Version Reviewed: 1.0.1
Device Reviewed On: iPhone 5
Graphics / Sound Rating:
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While many interactive novels focus on violence and exploration, Creatures Such As We takes a more philosophical approach by telling the story of a person living on the moon for work, and increasingly lonely in the world they’ve been forced to remain on. It’s a slow burning tale, one that requires you to be drawn in by the characters, but it works remarkably well in getting you to think.
Refreshingly, there are a lot of options when it comes to starting your character. Sexuality can be fluid, as well as the option to be transgender. Some open-mindedness continues with the potential romances that are available, ensuring plenty of room for love as well as philosophical thought. Much of the philosophy stems from the fact that at certain points you ‘escape’ the mundane world through an immersive video game, and often you’ll be discussing how this makes you feel with other characters. This is because everything is tied together, as a visiting group of tourists also happen to be designers for the game. You’re able to talk it out with them, in the hope of creating a better ending for your beloved game.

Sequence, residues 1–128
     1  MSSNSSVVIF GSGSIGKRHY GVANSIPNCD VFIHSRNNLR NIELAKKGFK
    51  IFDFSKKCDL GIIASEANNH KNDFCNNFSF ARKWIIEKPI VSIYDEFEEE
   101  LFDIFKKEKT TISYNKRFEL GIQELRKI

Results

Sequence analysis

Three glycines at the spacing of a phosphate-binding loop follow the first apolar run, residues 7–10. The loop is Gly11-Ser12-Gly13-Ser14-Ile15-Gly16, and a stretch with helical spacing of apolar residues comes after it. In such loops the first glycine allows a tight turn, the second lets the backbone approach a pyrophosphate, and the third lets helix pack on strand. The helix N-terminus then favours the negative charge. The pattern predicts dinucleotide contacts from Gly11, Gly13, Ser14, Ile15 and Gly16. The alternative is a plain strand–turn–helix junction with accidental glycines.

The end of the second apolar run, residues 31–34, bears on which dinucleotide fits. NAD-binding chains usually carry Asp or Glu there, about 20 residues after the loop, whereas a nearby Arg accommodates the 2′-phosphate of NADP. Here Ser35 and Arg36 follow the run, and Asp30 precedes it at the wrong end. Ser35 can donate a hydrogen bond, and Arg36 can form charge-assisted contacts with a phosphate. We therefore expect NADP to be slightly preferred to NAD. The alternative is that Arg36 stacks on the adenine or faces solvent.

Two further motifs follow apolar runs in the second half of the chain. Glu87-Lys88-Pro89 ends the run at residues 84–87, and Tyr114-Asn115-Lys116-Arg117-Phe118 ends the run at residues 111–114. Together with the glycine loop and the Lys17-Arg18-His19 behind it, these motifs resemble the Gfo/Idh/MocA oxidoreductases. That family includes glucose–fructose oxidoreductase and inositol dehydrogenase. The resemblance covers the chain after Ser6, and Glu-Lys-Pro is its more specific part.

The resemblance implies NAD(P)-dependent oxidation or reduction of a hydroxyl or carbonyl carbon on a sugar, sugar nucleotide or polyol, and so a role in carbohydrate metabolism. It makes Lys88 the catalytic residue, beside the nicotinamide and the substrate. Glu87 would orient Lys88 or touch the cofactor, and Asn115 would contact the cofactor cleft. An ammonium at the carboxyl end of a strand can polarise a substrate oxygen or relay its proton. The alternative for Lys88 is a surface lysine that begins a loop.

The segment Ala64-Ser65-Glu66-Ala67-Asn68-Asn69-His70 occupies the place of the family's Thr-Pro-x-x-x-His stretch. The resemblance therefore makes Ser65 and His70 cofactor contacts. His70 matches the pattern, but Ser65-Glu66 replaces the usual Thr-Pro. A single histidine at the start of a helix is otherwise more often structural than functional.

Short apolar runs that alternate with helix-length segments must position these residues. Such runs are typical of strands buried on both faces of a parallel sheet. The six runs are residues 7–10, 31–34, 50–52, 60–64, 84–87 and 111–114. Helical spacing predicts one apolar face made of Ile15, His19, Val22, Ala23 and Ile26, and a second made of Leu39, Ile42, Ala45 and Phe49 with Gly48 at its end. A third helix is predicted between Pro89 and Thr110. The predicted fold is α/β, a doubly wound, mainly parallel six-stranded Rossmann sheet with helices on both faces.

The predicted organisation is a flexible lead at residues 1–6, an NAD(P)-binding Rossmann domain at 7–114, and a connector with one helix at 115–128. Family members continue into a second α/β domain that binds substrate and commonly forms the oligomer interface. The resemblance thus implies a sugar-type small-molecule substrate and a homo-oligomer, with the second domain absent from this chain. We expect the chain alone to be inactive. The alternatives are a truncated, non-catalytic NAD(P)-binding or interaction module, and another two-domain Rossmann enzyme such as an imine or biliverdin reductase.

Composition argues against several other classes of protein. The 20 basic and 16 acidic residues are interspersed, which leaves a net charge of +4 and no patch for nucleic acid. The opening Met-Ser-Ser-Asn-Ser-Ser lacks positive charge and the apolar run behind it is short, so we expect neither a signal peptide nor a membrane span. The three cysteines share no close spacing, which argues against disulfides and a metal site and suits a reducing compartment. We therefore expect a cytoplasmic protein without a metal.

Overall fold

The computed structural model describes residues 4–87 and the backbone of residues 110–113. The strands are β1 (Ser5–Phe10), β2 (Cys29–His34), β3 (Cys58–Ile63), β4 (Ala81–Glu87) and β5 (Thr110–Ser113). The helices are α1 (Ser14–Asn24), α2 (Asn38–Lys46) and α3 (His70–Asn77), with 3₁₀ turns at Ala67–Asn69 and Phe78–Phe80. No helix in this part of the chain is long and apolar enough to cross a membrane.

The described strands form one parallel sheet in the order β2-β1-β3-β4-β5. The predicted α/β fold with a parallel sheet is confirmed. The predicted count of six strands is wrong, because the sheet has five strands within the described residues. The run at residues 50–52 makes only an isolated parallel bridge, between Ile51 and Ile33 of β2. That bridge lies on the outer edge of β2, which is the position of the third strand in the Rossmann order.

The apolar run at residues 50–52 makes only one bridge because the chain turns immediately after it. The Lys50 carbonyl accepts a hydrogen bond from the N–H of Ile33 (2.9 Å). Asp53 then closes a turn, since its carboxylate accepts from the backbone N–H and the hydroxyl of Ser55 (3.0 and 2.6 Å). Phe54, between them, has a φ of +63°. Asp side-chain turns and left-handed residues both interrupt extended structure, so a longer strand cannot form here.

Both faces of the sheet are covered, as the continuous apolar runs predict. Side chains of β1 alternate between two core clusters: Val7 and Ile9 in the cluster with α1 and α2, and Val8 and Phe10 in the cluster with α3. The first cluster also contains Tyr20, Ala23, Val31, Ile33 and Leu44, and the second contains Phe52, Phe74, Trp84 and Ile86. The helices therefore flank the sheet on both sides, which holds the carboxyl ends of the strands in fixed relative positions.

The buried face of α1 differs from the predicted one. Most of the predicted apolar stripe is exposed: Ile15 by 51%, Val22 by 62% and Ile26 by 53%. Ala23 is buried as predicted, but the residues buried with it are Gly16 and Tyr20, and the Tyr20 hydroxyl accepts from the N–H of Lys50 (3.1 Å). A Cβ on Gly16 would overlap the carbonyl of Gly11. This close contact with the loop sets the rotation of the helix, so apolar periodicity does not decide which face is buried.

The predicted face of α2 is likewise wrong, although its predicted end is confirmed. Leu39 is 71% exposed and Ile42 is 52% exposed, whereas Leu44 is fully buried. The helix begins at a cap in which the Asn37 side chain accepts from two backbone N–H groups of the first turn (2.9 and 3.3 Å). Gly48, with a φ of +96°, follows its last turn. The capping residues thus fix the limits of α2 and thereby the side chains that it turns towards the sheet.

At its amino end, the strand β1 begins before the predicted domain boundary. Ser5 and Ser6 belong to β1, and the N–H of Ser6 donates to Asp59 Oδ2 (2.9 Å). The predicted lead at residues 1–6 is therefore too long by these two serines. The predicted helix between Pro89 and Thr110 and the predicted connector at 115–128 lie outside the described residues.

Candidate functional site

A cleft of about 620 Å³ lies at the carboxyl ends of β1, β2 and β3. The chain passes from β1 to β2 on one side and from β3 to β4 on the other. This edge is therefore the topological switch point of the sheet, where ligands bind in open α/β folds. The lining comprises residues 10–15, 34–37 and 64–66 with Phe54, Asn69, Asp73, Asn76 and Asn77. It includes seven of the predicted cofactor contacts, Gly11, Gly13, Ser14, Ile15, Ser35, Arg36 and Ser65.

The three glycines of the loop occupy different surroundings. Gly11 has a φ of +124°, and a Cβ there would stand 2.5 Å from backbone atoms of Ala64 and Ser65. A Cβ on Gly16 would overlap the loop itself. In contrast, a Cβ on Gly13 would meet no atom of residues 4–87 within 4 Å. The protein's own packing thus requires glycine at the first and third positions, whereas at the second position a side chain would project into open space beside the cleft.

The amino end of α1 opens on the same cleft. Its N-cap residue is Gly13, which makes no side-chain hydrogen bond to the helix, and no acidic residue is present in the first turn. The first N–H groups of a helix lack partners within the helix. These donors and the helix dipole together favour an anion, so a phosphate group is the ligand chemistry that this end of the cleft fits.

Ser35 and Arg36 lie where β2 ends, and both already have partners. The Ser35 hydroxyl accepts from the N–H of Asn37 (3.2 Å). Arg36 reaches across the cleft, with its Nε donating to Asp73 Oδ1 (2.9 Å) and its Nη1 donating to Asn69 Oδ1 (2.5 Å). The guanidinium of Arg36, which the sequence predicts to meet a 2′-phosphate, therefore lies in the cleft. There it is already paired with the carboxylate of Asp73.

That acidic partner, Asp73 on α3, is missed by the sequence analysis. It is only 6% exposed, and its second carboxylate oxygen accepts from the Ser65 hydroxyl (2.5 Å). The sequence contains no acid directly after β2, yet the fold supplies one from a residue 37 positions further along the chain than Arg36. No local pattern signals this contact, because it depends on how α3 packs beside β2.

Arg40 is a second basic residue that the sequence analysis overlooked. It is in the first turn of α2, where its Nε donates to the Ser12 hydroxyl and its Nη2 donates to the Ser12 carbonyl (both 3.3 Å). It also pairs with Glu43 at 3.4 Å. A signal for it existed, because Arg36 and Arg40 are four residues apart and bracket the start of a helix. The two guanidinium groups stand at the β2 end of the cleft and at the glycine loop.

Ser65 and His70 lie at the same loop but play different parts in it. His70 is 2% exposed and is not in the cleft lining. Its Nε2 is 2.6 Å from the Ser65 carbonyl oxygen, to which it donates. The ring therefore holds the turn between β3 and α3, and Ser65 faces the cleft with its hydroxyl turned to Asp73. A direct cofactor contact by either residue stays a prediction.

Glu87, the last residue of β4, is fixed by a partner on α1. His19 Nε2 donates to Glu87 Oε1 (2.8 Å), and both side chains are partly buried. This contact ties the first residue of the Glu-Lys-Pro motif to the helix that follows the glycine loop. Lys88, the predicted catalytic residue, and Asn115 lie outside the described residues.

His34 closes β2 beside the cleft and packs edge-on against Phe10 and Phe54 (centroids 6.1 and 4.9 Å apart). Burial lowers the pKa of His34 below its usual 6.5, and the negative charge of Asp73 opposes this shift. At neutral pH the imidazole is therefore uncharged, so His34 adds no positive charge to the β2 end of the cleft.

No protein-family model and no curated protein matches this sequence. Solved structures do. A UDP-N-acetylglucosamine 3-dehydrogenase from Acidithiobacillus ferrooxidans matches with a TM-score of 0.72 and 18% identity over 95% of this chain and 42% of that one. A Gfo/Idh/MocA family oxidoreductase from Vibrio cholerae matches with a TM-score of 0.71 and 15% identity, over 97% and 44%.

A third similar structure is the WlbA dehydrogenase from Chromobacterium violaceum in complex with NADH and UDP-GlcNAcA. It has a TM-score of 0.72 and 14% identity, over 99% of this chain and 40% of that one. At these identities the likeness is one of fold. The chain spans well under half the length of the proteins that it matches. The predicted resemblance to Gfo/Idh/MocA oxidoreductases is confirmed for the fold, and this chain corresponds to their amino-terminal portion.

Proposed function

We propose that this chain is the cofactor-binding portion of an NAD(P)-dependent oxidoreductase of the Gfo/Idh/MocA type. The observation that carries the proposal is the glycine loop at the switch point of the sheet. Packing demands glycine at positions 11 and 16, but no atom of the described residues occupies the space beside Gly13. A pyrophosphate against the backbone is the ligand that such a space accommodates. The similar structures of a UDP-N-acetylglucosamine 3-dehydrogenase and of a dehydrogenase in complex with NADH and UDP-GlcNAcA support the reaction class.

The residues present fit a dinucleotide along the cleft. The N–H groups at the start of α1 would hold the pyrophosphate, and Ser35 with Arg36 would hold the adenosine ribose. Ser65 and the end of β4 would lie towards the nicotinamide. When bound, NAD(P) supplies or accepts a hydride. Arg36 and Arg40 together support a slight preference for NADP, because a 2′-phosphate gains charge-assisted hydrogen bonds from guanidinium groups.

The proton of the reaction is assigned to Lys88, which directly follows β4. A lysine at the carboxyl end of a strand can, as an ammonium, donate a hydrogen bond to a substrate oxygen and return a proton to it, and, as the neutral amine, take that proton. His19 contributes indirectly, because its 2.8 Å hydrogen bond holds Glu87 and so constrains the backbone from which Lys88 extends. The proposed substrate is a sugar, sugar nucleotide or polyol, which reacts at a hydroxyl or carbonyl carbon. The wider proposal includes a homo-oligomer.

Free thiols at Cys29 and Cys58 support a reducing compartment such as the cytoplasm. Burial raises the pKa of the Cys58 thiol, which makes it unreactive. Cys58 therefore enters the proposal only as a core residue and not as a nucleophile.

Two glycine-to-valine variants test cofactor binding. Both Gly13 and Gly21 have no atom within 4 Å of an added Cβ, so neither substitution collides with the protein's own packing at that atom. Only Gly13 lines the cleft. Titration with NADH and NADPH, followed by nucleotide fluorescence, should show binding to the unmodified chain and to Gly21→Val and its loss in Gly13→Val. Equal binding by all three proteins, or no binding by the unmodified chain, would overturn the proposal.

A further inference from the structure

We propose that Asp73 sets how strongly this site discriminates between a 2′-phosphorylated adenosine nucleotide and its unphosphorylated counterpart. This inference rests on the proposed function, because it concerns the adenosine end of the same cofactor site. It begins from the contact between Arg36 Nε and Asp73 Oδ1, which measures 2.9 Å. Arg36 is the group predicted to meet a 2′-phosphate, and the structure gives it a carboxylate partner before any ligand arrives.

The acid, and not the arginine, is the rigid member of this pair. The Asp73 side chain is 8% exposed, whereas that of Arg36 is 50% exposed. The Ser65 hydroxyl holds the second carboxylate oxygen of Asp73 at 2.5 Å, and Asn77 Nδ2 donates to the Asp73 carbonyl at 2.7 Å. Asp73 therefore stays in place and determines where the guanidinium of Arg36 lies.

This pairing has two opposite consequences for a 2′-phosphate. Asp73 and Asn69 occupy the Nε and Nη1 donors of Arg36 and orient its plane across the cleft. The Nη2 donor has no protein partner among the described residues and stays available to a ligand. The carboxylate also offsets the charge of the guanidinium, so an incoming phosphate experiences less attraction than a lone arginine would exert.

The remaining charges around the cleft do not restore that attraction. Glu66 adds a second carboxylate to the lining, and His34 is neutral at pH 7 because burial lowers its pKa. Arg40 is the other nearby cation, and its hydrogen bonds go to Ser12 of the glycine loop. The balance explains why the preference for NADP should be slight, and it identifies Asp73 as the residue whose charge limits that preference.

It’s an interesting tale and one that lasts a reasonable length of time, dipping between standard peril, romantic undertones, and some interesting discussions of whether games are truly healthy as escapism or not. It’ll last you all the longer given that you’ll be inclined to dive straight back in to see how you can change things. There aren’t any fights to speak of or anything more than text-based decision making, but it certainly works here in terms of keeping you interested in the storyline. I found myself more captivated by the Moon-based discussions, rather than the game within a game, but I suspect that’s a deliberate move by the game’s writer.
Far from being one for adrenaline junkies, Creatures Such As We has the ability to make you think for longer than just while you’re playing. Remaining open-minded throughout, it’s an interesting deviation into the importance of offline, as well as online, social interaction. Plus it’s a fascinating take on the conventional interactive novel.